Function to make a list of functions …

… and other procedures.

I wanted to make a list of all the VBA procedures in a workbook, and discovered that Excel doesn’t have a built-in way of doing that.  People have written code to work their way around that of course, and the code I ended up using came from Jon Peltier’s site:

Jon had modified some code, that originally sent the list to a dialog, so that it pasted it into a new workbook instead.  Nothing wrong with that, but it seemed to me more convenient to have it operate as a User Defined Function (UDF), returning an array, so that you could have your list wherever you wanted.  A couple of other changes, while I was at it:

  • I split the output into two columns, module name and procedure name.
  • I started off creating a large array for the output, rather than re-diming for every new line.

Here’s the end result: (Or download GetProcedures.xlsb)

Function GetProcedures()
'' Based on:
'' Displaying a List of All VBA Procedures in an Excel 2007 Workbook
''     from the Ribbon (June 2009)
'' by Frank Rice, Microsoft Corporation
'' as modified by Jon Peltier

'' Modified by Doug Jenkins to operate as a UDF and return results as a 2 column array

'' set a reference to the Microsoft Visual Basic for Applications Extensibility 5.3 Library

' Declare variables to access the Excel workbook.
Dim app As Excel.Application
Dim wb As Excel.Workbook

Dim sOutput() As String
Dim sFileName As String

' Declare variables to access the macros in the workbook.
Dim vbProj As VBIDE.VBProject
Dim vbComp As VBIDE.VBComponent
Dim vbMod As VBIDE.CodeModule

    ' Declare other miscellaneous variables.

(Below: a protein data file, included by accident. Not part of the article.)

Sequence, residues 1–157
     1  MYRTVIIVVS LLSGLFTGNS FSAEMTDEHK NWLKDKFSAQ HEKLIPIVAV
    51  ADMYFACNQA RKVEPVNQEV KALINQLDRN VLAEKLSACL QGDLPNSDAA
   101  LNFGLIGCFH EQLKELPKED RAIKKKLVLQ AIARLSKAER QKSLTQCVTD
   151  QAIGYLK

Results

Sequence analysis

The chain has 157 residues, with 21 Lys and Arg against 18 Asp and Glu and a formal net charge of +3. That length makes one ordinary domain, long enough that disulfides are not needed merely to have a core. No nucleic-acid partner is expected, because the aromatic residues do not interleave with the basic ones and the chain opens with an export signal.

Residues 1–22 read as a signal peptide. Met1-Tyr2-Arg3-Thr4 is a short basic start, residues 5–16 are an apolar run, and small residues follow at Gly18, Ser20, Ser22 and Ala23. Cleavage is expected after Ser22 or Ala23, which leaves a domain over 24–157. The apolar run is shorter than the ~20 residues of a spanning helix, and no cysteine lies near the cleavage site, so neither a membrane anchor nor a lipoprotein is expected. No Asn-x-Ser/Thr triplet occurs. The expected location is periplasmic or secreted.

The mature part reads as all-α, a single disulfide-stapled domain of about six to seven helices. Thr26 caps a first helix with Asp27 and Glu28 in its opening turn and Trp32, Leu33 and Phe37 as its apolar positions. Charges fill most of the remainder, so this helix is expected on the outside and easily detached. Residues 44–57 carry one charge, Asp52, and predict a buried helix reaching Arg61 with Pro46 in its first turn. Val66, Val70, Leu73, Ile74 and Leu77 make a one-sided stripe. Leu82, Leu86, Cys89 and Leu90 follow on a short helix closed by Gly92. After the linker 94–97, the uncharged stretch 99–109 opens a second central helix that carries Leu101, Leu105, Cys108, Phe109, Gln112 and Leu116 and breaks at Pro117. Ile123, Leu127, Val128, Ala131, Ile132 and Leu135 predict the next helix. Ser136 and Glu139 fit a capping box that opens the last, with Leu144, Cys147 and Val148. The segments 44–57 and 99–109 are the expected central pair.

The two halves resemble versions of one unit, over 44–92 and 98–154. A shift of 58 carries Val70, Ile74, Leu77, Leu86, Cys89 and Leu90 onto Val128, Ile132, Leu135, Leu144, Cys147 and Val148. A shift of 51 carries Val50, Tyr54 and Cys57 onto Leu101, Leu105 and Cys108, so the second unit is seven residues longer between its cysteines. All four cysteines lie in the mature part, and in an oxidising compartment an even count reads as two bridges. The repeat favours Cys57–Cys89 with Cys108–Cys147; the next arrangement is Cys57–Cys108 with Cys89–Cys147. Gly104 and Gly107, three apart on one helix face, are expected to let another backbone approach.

Dim iRow As Long
Dim iCol As Long
Dim iLine As Integer
Dim sProcName As String
Dim pk As vbext_ProcKind
' Add constant for output array size to avoid redims
Const OutRows As Long = 10000

    Set app = Excel.Application

'For Each wb In app.Workbooks
For Each vbProj In app.VBE.VBProjects

' Get the project details in the workbook.
        On Error Resume Next
sFileName = vbProj.FileName
If Err.Number <> 0 Then sFileName = "file not saved"
        On Error GoTo 0

        ' initialize output array
ReDim sOutput(1 To OutRows, 1 To 2)
sOutput(1, 1) = sFileName
sOutput(2, 1) = vbProj.Name
iRow = 0

        ' check for protected project
        On Error Resume Next
Set vbComp = vbProj.VBComponents(1)
        On Error GoTo 0

If Not vbComp Is Nothing Then
            ' Iterate through each component in the project.
For Each vbComp In vbProj.VBComponents

                ' Find the code module for the project.
Set vbMod = vbComp.CodeModule

                ' Scan through the code module, looking for procedures.
iLine = 1
Do While iLine < vbMod.CountOfLines
sProcName = vbMod.ProcOfLine(iLine, pk)
If sProcName <> "" Then
iRow = iRow + 1
'   ReDim Preserve sOutput(1 To 2 + iRow)
sOutput(2 + iRow, 1) = vbComp.Name
sOutput(2 + iRow, 2) = sProcName
iLine = iLine + vbMod.ProcCountLines(sProcName, pk)
                        ' This line has no procedure, so go to the next line.
iLine = iLine + 1
                    End If

                ' clean up
Set vbMod = Nothing
Set vbComp = Nothing

' ReDim Preserve sOutput(1 To 3, 1)
sOutput(3, 1) = "Project protected"
        End If

If iRow = 0 Then    ' UBound(sOutput) = 2 Then
' ReDim Preserve sOutput(1 To 3)
sOutput(3, 1) = "No code in project"
        End If
sOutput(2, 2) = iRow

GetProcedures = sOutput

        ' clean up
Set vbProj = Nothing

End Function

And here’s what the output looks like:

GetProcedures() UDF Output

GetProcedures() UDF Output

This entry was posted in Arrays, Excel, UDFs, VBA and tagged , , , , . Bookmark the permalink.

3 Responses to Function to make a list of functions …

  1. jp says:

    Doug … I get a debug with code … do you have a sample file … cheers, James


  2. Pingback: Daily Download 33: Miscellaneous | Newton Excel Bach, not (just) an Excel Blog

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